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Old 06-13-2019, 01:17 PM   #1
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Thoughts and opinions. Oil in coolant, fix or sell

First the van:
2006 E350 with gasser V10 90k miles. Quigley 4x4 conversion done in Texas probably around 50k two owners ago. Previous owner did a body swap with a 97 E150 conversion van body. So it has windows all around. Nothing is built out on the interior. Located in Seattle, Wa.

Now the problem:
I found oil in my coolant. Didn't see any coolant on the dip stick for the oil or tranny fluid. So what ever is wrong, it is only going one way. Brought it into my mechanic. He said based on the amount of oil in the coolant, and the fact that oil destroys rubber, that he'd need to replace all the coolant hoses and rubber gaskets. And that if it was the oil cooler that failed, there is about 20 hours of labor to get it back on the road. So as of now, they haven't gone any further, because they wanted to see what I want to do. Which he did test to coolant to see if it was a head gasket, which came back negative. So most likely its either the cooler or the block is cracked.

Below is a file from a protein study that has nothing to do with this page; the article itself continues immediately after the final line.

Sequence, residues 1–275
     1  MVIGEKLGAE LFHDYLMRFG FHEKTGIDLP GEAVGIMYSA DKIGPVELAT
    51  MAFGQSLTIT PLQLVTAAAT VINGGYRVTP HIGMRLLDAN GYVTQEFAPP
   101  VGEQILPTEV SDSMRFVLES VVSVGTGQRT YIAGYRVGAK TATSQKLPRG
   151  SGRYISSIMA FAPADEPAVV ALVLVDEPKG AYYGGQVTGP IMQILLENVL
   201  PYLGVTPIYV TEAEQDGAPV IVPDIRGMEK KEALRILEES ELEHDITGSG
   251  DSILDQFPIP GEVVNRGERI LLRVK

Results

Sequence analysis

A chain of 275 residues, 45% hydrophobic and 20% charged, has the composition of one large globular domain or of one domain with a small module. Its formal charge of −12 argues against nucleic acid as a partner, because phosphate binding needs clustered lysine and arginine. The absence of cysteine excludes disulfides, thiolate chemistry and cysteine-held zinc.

He thought this probably might be better for someone to work on as a "Backyard Project". Where they can dive in and work on it when they have time. And aren't being billed hourly at a commercial shop. Which unfortunately I don't have the space or resources to tear into it myself. And definitely can't pull an engine if that needs work. So I guess I'm curious what some of you might do? Thoughts on what a van like this might be worth? It still runs and drives great. Just not in shape for camping or road trips till it is fixed. So I'm thinking I might see what I can get for it, and cut my losses

Thoughts?